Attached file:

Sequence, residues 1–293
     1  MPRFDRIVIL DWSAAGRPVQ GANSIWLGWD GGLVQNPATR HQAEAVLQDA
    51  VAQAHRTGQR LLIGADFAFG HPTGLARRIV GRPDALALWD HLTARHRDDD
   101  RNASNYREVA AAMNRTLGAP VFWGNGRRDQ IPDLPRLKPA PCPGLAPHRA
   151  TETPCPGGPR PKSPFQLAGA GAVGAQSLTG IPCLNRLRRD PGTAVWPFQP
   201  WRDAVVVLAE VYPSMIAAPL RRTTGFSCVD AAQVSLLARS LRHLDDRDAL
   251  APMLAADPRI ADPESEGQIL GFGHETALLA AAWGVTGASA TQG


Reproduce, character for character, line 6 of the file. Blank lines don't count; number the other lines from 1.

   201  WRDAVVVLAE VYPSMIAAPL RRTTGFSCVD AAQVSLLARS LRHLDDRDAL